NTRK3 (TRKC) belongs to the family of neurotrophin receptor tyrosine kinases, which also includes NTRK1 (TRKA) and NTRK2 (TRKB). Neurotrophin-3 (NTF3, also known as NT-3) is the ligand for NTRK3. Similar to other NTRK receptors and receptor tyrosine kinases in general, ligand binding induces receptor dimerization followed by trans-autophosphorylation on conserved tyrosines in the intracellular (cytoplasmic) domain of the receptor (Lamballe et al. 1991, Philo et al. 1994, Tsoulfas et al. 1996, Yuen and Mobley 1999, Werner et al. 2014). These conserved tyrosines serve as docking sites for adaptor proteins that trigger downstream signaling cascades. Signaling through PLCG1 (Marsh and Palfrey 1996, Yuen and Mobley 1999, Huang and Reichardt 2001), PI3K (Yuen and Mobley 1999, Tognon et al. 2001, Huang and Reichardt 2001, Morrison et al. 2002, Lannon et al. 2004, Jin et al. 2008) and RAS (Marsh and Palfrey 1996, Gunn-Moore et al. 1997, Yuen and Mobley 1999, Gromnitza et al. 2018), downstream of activated NTRK3, regulates cell survival, proliferation and motility.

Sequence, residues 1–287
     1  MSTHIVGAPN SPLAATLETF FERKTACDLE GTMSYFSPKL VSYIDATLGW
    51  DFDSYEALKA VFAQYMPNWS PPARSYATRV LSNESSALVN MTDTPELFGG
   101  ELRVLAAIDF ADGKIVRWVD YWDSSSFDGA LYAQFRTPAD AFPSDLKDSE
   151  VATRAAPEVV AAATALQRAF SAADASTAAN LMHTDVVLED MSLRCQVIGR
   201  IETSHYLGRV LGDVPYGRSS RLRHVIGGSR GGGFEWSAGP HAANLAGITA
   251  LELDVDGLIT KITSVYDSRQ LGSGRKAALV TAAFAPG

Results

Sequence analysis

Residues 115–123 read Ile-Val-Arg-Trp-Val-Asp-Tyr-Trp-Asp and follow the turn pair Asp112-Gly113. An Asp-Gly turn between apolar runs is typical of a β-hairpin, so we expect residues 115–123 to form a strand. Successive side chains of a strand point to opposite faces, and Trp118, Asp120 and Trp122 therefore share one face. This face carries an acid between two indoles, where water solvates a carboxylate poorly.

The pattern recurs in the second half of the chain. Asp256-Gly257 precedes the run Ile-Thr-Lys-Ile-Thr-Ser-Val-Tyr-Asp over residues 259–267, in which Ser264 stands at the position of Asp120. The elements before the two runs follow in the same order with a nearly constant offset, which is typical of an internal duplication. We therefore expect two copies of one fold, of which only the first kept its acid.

In the absence of its ligand, NTRK3 functions as a dependence receptor and triggers BAX and CASP9-dependent cell death (Tauszig-Delamasure et al. 2007, Ichim et al. 2013).
NTRK3 was reported to activate STAT3 through JAK2, but the exact mechanism has not been elucidated (Kim et al. 2016). NTRK3 was reported to interact with the adaptor protein SH2B2, but the biological role of this interaction has not been determined (Qian et al. 1998).
Receptor protein tyrosine phosphatases PTPRO and PTPRS (PTPsigma) negatively regulate NTRK3 signaling by dephosphorylating NTRK3 (Beltran et al. 2003, Faux et al. 2007, Hower et al. 2009, Tchetchelnitski et al. 2014). In addition to dephosphorylation of NTRK3 in-cis, the extracellular domain of pre-synaptic PTPRS can bind in-trans to extracellular domain of post-synaptic NTRK3, contributing to synapse formation (Takahashi et al. 2011, Coles et al. 2014)